There are many ways to get rid of things, but for the sake of space, I am going to cover two:  the extreme method and the ease-into-it method. I have experience with both. I prefer the extreme method myself, but either way works. (more…)

7 Essential OTC Medications to Carry When Traveling

Posted by on Apr 26, 2011 in Articles, Blog, Minimize Stuff | 4 comments

7 Essential OTC Medications to Carry When Traveling
I am a big fan of natural medicine and have more than once found that a natural form of medicine has healed me permanently where the traditional Western doctors could only dull my pain. That being said, everything has its place and when you are traveling, you want to get out and see things, not stay stuck in a hotel room or hostel, miserable. In these situations, an over-the-counter (OTC) pill might just be the answer to giving you enough relief to get out there and take that picture of you holding the Eiffel Tower between your thumb and forefinger. I do not have a strong stomach and Sara is allergic to everything, so, over time, we have developed our little kit of OTC medication that we do not leave home without on long trips overseas. Please keep in mind that we are not doctors, so please consult your own physician before embarking on your dream trip. We usually like to bring along our own meds because finding its comparable version in a foreign language, or explaining your symptoms to a pharmacist who does not speak your language is sometimes challenging. Below is a list of the best OTC medications that we take with us without fail. Obviously, if you have a specific medical condition or problem, you should take any normal medication with you that you might otherwise need at home, such as allergy or asthma drugs. (more…)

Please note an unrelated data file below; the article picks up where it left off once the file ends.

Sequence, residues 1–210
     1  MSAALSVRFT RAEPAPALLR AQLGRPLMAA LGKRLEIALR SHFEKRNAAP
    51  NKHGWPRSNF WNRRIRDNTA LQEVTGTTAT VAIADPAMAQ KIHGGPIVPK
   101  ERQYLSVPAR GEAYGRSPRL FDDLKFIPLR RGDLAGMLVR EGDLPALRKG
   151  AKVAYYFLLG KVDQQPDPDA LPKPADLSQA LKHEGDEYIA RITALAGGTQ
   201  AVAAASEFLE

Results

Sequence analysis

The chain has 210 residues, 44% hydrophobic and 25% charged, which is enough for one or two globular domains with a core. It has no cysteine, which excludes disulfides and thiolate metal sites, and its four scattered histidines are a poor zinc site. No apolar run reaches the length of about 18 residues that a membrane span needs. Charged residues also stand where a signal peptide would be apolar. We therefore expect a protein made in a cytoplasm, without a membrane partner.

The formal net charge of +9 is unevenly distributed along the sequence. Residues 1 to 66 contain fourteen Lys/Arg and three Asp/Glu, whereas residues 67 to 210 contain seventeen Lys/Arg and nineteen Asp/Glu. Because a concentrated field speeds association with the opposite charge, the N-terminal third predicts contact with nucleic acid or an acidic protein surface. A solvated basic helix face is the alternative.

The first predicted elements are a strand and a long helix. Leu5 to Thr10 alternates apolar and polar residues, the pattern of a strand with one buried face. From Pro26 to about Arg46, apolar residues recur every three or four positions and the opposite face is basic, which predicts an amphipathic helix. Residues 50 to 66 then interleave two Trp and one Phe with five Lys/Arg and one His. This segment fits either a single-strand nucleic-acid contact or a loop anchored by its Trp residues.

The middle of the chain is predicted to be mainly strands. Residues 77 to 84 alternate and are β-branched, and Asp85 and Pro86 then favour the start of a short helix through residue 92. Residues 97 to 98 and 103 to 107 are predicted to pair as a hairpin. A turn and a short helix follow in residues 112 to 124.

Gear Review: Vibram Five Fingers KSO

Posted by on Apr 21, 2011 in Blog, Gear, Minimize Stuff, Reviews | 0 comments

Gear Review:  Vibram Five Fingers KSO
I had been reading about these amazing new shoes that make you feel like you are walking barefoot, but still somewhat protect you from the elements. I am referring to the Vibram Five Fingers line of shoes. They are designed to be like gloves for your feet, fitting a sleeve around each of your toes, and having a very thin sole, so you can really feel the ground as you walk. I love to go barefoot and I had read that running in them is incredible. I was apprehensive, as they are not inexpensive, however, last Spring, I decided I would try a pair and I went to the local REI to pick out one that I liked. After talking with the salesperson and trying on several styles, I decided on the KSO (Keep Stuff Out). Each style varies in features and benefits, but I chose the KSO because it has a protective mesh covering to keep sand and debris out of the shoe, but a thin sole, so I still felt barefoot. Once I settled on the exact style, I needed to choose the size. I read that you really need to size it correctly, because if it is too large, you will develop blisters, but too small, you will be uncomfortable. They did not have my exact size in the KSO, but through trying on other styles, I felt that I had a good fit and could order a pair. Two months went by and I finally received them. Not to spoil the review, but the wait was well worth it. (more…)

Gear Review: SCOTTEVEST Fleece 5.0 Jacket